According to Charity Navigator, there are over 1 million nonprofit organizations in the United States.4 Not all would be classified parachurch organizations, but many would. While there is a literal ocean of Christians in our world, potential givers and supporters who have been blessed by God to support the work of God in addition to the churches that have been ordained by God; there are also an unlimited number of nonprofits and parachurch organizations with nets in the water as well. Some would say, “there are plenty of fish in the sea,” so it’s no big deal. But the facts won’t support such fantasy. The fact is, most local churches can’t compete with parachurch organizations. Yet they find themselves doing just that – competing with the very organizations (“ministries”) that were supposed to “come alongside” and help the church.
SOME KEY POINTS TO CONSIDER:
- I want to be very clear. There are many good parachurch organizations that are important partners with the local church. (Here’s a list of parachurch organizations/missions Crossroads supports: Our Missionaries, The Solomon Foundation). Unfortunately, there are a number of parachurch organizations with no connection to the local church except in requesting donations and recruiting workers to help them with THEIR mission, not the mission of the local church.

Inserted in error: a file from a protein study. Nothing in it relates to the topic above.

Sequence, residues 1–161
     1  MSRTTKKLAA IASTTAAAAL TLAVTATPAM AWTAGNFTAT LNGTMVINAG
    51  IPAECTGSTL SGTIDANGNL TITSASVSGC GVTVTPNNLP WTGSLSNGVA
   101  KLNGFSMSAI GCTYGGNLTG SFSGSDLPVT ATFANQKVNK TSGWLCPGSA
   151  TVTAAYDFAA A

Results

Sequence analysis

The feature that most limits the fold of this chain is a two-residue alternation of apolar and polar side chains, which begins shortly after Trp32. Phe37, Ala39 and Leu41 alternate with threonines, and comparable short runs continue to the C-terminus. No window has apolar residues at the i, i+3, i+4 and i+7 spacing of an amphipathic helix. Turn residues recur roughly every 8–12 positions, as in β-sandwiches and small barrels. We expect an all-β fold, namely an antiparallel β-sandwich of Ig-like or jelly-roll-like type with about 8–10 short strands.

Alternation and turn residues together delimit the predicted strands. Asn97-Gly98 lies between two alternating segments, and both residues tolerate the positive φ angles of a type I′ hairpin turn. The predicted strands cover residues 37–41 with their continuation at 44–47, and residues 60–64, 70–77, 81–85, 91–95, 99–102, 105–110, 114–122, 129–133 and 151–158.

- Some parachurch organizations have a strong bottom line but a weak biblical link.
- Some parachurch organizations resemble the business world more than the biblical world when it comes to structure, strategy and operations. For example the qualifications for leaders in 1 Timothy 3, and the biblical pattern of a plurality of godly leaders required for the local church in 1 Timothy 5:17, are often ignored in many parachurch organizations.
Too many times people who become involved in parachurch organizations become less involved in their local church. I’ve not seen anyone come to our church from a parachurch organization who became an active, viable, integral, long-term part of our ministry. What I have witnessed are individuals who were very involved in our local church at one time, but became distracted and eventually detached because their “favorite” parachurch organization became the primary focus for their time, talent and treasure.
- Parachurch organizations can become havens for former ministers or staff members whose marriages, families or ministries have blown up. Often, a person with a checkered past isn’t checked out. People with questionable character aren’t questioned and those who have failed in previous ministries aren’t held accountable for their actions. The bar for strong moral leadership can often be very low in parachurch organizations where people who would never be qualified to serve in a local church are able to serve, sometimes at a high level of leadership and influence.
Again, this anomaly is possible because of the absence of accountability to a local church.
- Most local churches can’t compete with the marketing capabilities of parachurch organizations in recruiting workers and raising donor dollars. Parachurch organizations often have massive budgets that would dwarf those of a local church, oftentimes with little or no accountability as to how funds are spent and without consequences when funds are misused or mismanaged.